Dragon is a common image around the world. However, the dragon symbolism meanings differ a lot between the East and the West.Maybe you want to know more about the differences and origins? Here you can find the answer after reading this blog!
The MEANING of DRAGON SYMBOL in WESTERN CULTURE
In the West, dragons symbolize evil and ferocious. They’re huge lizard-like beings with horns, bat-like wings, four legs, and a long, muscular tail. Different kinds of dragons often have their own symbolic meanings and special talents. For example, the red dragon symbolism is about fire and passion, representing passion and impulse. The red dragon may be interpreted as a symbol of the devil or evil.Often protecting a cavern or castle filled with treasure, they are usually associated with a great hero who eventually kills them. Sometimes there is a beautiful princess waiting for the rescue. Actually, the word “dragon” comes from the Greek word “draconta”, which means “to watch”, suggesting dragons watch or guard treasures.
These mythical creatures have left an indelible mark on western cultural imagination, inspiring countless stories, movies, and artworks, such as House of dragon, Game of Thrones, Dragonriders of Pern and so on. The dragon also appears in the daily dressing, on our clothes, rings and pendants.
THE ORIGIN OF DRAGON IN THE EAST?
Chinese dragons spread along with Buddhism to other Asian countries. Asian dragon symbolism originates from China. So dragon symbolism in the East almost equals the dragon symbolism in China. The origin of dragons in China can be traced back to ancient mythology and cultural beliefs. Chinese dragons have a rich and multifaceted history, deeply rooted in the country’s folklore and ancient texts. The dragon in Chinese dates back thousands of years, with early depictions found in oracle bone inscriptions from the Shang Dynasty (16th to 11th centuries BC). These early representations portrayed dragons as powerful and revered creatures associated with weather phenomena, particularly rain and water.
Unlike the malevolent and destructive dragons found in some Western folklore, Chinese dragons were seen as benevolent and divine beings that brought blessings and prosperity.In Chinese mythology, dragons were often associated with deities and celestial beings. They were believed to have the ability to control the elements and were revered as protectors of the land and its people. Chinese emperors considered themselves as “Sons of the Dragon,” linking their legitimacy to the divine power of the dragon.
The image of the Chinese dragon continued to evolve throughout history, with its iconic features, such as the long serpentine body, antler-like horns, whiskers, and clawed feet, becoming standardized in traditional Chinese art and architecture.
To this day, dragons remain an integral part of Chinese culture, deeply ingrained in various aspects of life, from art and literature to celebrations and beliefs, like dragon-dance. Their very existence embodies the profound influence of mythical creatures on the collective consciousness of a nation and is a testament to the enduring power of cultural symbolism.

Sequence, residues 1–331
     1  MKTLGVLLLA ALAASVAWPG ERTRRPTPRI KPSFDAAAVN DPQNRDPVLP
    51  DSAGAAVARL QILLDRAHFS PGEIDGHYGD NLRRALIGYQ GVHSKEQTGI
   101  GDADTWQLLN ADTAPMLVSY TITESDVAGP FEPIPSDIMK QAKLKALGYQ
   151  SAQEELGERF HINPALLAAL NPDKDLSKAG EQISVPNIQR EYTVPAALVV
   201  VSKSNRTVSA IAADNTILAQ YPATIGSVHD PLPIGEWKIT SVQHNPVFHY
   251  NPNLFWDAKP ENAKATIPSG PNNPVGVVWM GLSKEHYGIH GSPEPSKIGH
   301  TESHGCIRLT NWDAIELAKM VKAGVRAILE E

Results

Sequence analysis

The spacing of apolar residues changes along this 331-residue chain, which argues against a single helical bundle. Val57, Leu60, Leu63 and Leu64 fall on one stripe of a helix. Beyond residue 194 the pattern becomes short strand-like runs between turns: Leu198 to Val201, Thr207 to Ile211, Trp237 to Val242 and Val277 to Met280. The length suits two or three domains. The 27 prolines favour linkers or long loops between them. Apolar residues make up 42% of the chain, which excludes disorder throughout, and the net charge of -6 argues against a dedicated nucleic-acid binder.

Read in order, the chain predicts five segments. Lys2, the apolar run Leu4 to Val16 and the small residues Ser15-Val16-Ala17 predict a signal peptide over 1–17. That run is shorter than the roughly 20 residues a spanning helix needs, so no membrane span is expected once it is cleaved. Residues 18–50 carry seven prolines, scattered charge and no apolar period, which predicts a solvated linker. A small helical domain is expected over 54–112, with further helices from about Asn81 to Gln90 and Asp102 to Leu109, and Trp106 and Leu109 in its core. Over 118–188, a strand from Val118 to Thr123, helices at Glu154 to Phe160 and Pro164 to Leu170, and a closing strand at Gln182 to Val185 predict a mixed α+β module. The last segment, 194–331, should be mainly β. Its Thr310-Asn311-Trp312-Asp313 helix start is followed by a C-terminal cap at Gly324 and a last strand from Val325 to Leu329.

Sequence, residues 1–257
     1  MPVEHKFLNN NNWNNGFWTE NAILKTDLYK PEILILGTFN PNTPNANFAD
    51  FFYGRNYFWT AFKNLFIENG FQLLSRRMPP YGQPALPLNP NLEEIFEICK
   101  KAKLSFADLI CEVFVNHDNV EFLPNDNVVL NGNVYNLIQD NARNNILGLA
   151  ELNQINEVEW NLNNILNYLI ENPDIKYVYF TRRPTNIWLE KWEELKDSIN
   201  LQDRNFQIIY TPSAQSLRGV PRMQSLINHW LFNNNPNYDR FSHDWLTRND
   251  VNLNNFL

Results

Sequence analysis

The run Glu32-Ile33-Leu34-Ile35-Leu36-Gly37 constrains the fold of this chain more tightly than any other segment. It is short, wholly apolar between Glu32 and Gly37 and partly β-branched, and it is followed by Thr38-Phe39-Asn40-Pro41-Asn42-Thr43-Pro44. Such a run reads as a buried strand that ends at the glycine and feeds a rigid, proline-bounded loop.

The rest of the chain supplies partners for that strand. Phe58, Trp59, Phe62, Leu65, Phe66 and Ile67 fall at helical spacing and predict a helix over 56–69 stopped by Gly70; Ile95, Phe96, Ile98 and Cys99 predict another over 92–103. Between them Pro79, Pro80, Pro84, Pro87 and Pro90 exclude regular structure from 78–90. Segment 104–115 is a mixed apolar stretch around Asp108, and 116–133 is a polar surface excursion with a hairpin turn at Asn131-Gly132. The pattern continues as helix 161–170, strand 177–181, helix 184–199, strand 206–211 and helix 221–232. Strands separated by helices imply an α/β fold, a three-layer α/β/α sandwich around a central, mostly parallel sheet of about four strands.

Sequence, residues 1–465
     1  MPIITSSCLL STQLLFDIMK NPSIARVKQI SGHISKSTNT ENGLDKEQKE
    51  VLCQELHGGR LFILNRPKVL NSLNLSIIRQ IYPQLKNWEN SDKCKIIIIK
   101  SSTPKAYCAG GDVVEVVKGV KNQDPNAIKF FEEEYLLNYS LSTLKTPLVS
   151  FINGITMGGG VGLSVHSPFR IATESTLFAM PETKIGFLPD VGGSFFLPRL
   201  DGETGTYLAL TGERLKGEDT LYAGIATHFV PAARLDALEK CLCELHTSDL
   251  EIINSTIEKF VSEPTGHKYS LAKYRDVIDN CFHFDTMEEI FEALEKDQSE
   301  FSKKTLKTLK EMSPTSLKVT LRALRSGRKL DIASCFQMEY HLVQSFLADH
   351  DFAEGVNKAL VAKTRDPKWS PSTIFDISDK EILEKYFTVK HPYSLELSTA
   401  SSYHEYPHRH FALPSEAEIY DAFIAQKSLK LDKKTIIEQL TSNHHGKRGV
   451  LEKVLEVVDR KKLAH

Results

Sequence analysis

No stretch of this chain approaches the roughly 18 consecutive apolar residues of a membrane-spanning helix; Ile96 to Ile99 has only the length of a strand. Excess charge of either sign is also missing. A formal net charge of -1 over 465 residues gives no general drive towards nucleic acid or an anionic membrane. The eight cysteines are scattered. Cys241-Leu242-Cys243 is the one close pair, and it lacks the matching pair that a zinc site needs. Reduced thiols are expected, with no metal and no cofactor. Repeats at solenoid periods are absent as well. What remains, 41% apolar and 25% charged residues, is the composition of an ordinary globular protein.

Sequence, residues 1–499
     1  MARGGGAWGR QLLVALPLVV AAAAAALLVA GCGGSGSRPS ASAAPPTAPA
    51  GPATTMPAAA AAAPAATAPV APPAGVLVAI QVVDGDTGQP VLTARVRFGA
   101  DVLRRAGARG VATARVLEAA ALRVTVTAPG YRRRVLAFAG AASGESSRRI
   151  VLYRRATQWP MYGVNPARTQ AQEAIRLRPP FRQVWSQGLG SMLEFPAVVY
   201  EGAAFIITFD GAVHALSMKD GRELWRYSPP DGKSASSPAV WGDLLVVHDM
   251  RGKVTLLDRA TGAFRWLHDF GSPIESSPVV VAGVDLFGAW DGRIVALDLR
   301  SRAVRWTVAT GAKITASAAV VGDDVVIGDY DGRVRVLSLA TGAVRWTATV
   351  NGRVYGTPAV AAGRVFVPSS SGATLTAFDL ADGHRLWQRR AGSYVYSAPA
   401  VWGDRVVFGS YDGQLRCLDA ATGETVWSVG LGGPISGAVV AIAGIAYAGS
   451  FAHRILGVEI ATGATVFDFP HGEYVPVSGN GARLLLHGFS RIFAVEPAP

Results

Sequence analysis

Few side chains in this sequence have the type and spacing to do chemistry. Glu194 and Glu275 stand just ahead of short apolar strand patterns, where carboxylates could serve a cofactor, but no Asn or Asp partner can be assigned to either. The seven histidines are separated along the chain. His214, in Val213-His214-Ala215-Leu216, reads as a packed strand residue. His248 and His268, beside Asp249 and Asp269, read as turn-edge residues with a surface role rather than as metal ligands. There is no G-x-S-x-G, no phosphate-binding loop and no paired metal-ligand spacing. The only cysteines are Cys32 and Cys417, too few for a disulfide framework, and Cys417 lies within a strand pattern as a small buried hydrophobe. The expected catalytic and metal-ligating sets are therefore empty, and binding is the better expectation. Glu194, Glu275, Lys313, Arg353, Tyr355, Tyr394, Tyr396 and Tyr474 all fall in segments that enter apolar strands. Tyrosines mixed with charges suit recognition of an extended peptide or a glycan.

WHAT IS THE DRAGON IMAGE IN THE EAST?
The Dragon is believed by the Chinese to present power and excellence and determination, dignity and divinity. A dragon is believed to have the powers to overcome obstacles to see success. Dragon symbolism in China is spirited, confident, enthusiastic, intelligent and determined. They are a sign of royalty and wealth. Chinese Emperors in the past were believed to be the reincarnation of the mighty dragons. According to history writing, the Dragon was an imperial symbol during the Tang Dynasty. The emperor and high officials wore robes with dragons on them. Some types of dragons were reserved for the emperor only.
On the other hand, the dragon images are often associated with the snake images. When the Chinese came across the idea of a Naga in Buddhist scripture, it was natural for them to translate it as the word “lung”, which is the Chinese language for dragon, since Chinese dragons have a snake-like appearance. There are also monsters in Egyptian mythology that are believed to be dragons or snakes.
The Dragon holds a significant place in the hearts of Eastern cultures, especially in China, where its symbolism is deeply ingrained. Representing power, courage, and determination, the Dragon is revered for its spirited and intelligent nature. It’s believed to possess the ability to surmount obstacles and bring about success, making it a cherished emblem of excellence.
In Chinese tradition, the symbolism of the dragon in Chinese culture is associated with royalty and wealth. The ancient belief in the emperors being the reincarnation of mighty dragons further accentuates its significance. Historical accounts recount how during the Tang Dynasty, the Dragon became an imperial symbol, adorning the robes of emperors and high-ranking officials, with certain dragon designs exclusively reserved for the emperor.
WHAT’S THE JAPANESE DRAGON SYMBOLISM？
Among Asian countries, Japan is also rich in dragon culture. As Chinese culture spread to Japan, the Japanese dragon developed its own mythology and meaning in its native land. Japanese dragons are mythical creatures with both benevolent and malevolent traits, often serving as guardians of natural elements. They control rain, fire, and the earth, ruling from the sky and bodies of water. Depicted as slender, long, and wingless, dragon symbolism in Japan is strength, courage, and magic. They appear in various art forms, tattoos, Buddhist temples, and Shinto shrines, intertwined with god.
Overall, the Dragon images in the East resonate strongly, representing a blend of cultural heritage, spiritual significance, and the eternal pursuit of prosperity and greatness.